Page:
INDIA, Biotechnology and IPR - Bicpu.edu.in

fettlepluckyBiotechnology

Dec 1, 2012 (4 years and 6 months ago)

311 views

India, Biotechnology and Patents
Industry Perspective
Madhav Kulkarni
Biocon Limited, Bangalore
2
Outline
•India and Biotechnology
•Indian Biotechnology: Strength, Opportunities,
Weaknesses and Threats
•Patent issues
3
India and Biotechnology Base
•India is one of the emerging economies in the World.
•Shifting focus to one of the most promising industry of the
future: Biotechnology
•Bio-diversity of India will be an advantage for Biotech
companies.
•Vast reservoir of scientific human resource with reasonable cost,
wealth of R&D institutions, centers of academic excellence in
Biosciences
•Vibrant Pharmaceutical Industry and fast developing clinical
capabilities collectively point to promising biotech sector
•Over 300 companies and 241 institutions use some form of
biotechnology in agricultural, medical or environmental
applications.
4
Core Areas of competence in India
•Capacity in bioprocess engineering
•Skills in gene manipulation of microbes and animal cells
•Capacity in downstream processing and isolation methods
•Skills in extraction and isolation of plants and animals products
•Competence in recombinant DNA technology of plants and
animals
•Excellence in traditional and molecular marker assisted breeding
of plants and animals
•Infrastructure in fabricating bio-reactors and processing
equipment
5
Biotechnology Industry in India
•Quite nascent stage
•Vast growth and opportunity
•Over 300 registered biotechnology companies, out of which
~100 in are modern biotech sector
–Twelfth most successful biotechnology sector in the world as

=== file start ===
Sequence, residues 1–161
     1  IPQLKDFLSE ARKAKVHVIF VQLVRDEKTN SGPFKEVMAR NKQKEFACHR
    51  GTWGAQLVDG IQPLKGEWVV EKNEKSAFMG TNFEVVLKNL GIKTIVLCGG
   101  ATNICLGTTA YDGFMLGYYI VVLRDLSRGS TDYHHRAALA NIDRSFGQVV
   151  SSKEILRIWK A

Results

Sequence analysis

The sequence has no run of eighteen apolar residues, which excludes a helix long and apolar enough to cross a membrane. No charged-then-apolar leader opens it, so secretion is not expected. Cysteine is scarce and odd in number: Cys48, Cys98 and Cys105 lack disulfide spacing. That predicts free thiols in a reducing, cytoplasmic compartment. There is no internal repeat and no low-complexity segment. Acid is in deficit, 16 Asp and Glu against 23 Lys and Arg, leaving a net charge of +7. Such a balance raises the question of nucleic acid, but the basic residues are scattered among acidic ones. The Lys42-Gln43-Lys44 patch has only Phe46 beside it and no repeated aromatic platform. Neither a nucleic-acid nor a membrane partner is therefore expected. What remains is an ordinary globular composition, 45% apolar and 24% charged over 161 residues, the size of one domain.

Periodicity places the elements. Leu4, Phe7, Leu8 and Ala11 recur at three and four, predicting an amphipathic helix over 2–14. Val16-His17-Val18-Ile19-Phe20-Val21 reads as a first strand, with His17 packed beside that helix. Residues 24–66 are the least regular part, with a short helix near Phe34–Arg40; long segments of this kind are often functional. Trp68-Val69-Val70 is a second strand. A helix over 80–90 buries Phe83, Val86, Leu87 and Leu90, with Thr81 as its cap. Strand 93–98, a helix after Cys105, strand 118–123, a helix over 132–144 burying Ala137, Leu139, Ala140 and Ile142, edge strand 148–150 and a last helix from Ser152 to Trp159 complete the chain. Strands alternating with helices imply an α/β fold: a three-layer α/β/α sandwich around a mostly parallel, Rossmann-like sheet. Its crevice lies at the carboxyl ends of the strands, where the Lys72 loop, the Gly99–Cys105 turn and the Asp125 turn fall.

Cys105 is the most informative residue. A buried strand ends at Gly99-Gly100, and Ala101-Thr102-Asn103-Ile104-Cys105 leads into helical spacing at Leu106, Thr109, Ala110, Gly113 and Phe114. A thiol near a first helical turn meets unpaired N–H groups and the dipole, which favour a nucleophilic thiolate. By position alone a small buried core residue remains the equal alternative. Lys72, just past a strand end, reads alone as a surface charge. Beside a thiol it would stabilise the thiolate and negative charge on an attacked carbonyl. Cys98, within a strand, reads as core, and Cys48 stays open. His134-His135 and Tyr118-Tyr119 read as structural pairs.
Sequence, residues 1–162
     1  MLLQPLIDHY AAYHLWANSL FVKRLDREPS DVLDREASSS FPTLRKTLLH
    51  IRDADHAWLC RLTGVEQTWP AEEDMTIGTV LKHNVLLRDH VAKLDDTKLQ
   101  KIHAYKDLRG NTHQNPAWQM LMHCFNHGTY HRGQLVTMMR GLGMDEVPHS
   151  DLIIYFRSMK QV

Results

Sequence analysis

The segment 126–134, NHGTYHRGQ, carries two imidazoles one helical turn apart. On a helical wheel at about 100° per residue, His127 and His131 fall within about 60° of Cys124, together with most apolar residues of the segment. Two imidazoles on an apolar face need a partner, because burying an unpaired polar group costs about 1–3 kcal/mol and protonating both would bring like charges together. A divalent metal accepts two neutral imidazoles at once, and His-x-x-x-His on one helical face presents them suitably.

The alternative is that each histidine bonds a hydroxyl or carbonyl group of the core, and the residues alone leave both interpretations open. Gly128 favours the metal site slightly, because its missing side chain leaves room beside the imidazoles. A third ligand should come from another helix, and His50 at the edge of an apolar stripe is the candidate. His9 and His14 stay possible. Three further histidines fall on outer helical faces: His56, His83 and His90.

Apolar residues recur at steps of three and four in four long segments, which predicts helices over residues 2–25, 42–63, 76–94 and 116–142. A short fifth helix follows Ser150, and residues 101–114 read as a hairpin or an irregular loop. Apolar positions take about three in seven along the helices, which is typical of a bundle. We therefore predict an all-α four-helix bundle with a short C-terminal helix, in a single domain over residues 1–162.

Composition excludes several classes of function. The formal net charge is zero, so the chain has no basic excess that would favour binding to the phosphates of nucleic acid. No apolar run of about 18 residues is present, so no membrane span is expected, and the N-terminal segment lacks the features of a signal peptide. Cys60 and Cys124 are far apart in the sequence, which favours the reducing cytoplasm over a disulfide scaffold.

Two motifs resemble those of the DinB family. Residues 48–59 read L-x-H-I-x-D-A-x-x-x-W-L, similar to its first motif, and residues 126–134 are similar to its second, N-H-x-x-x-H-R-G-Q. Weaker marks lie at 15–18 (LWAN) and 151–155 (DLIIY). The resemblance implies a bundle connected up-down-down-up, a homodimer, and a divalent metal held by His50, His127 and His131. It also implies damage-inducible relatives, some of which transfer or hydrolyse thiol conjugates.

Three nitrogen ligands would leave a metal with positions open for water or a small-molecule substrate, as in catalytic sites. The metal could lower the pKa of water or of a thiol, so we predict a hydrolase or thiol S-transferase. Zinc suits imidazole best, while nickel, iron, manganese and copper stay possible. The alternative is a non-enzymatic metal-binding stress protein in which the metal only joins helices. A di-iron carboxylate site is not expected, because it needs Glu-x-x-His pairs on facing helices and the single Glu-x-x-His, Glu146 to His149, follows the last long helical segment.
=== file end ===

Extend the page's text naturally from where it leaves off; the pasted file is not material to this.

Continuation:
measured by number of companies
(Ernst & Young)
–96 enterprises exclusively as Biotech companies, making
India the third largest in Asia [after Australia (228) and
China/Hong Kong (136)]
6
Biotechnology in India
7
Biotechnology market
•Total Biotech sector: $420 million in 2002-2003
•Bio-pharma sector: $290 million (70%)
•Bio-service sector including clinical research, contract research
and contract manufacturing: $30 million (7%)
•Agricultural Biotech sector: $25 million (6%)
•Projections: Total Biotech sector to increase to
–$1.5 billion by 2007
–$4.5 billion by 2010
8
Pharmaceutical Biotechnology in India
•Market
–1997: $3 billion
–2005: $9 billion (expected)
•Vaccines (new generation and combinations)
–Bharat Biotech, Bharat Serum, Biological E, Haffkine Bio-
Pharmaceutical, Panacea, Pfizer, Serum Institute of India,
Shanta Bio-techniques, Smithkline Beecham and Wockhardt
•Therapeutics
–Biocon, Eli Lilly and Wockhardt
•Diagnostics
–Bhat Biotech, Qualigens Diagnostics, Span Diagnostics, J.
Mitra and xCyton Diagnostics
9
Examples of Indian Health Biotechnology Products
Source: Indian Biotechnology-rapidly evolving and industry led Nature Biotechnology 22, Supplement December 2004 DC31-36
10
Indian Biotechnology: Strengths
•Human Resource: Trained manpower and knowledge base.
•Academic Resource: Good network of research laboratories.
•Industry Base: Well developed base industries (e.g.
pharmaceuticals, seeds).
•International Experts: Access to intellectual resources of NRI’s
in this area.